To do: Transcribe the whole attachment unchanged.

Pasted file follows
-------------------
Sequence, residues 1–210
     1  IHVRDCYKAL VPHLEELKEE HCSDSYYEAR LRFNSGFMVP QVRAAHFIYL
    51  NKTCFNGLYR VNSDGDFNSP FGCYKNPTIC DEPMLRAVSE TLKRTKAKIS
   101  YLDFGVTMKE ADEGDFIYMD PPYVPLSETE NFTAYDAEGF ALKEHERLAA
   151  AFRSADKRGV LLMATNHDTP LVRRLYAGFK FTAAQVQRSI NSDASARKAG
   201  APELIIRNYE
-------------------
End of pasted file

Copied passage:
Sequence, residues 1–210
     1  IHVRDCYKAL VPHLEELKEE HCSDSYYEAR LRFNSGFMVP QVRAAHFIYL
    51  NKTCFNGLYR VNSDGDFNSP FGCYKNPTIC DEPMLRAVSE TLKRTKAKIS
   101  YLDFGVTMKE ADEGDFIYMD PPYVPLSETE NFTAYDAEGF ALKEHERLAA
   151  AFRSADKRGV LLMATNHDTP LVRRLYAGFK FTAAQVQRSI NSDASARKAG
   201  APELIIRNYE